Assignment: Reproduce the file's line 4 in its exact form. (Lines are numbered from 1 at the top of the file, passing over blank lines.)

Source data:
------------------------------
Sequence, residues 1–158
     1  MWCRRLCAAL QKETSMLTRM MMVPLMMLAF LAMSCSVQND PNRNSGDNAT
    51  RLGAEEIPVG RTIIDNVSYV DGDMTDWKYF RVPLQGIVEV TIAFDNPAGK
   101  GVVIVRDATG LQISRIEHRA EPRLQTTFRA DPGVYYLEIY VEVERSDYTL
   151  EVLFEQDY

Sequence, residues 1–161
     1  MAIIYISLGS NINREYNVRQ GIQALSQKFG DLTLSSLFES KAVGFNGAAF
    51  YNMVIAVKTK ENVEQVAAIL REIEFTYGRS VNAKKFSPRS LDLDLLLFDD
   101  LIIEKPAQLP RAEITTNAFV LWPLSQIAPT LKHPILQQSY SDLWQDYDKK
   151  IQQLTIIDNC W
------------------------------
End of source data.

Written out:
   101  GVVIVRDATG LQISRIEHRA EPRLQTTFRA DPGVYYLEIY VEVERSDYTL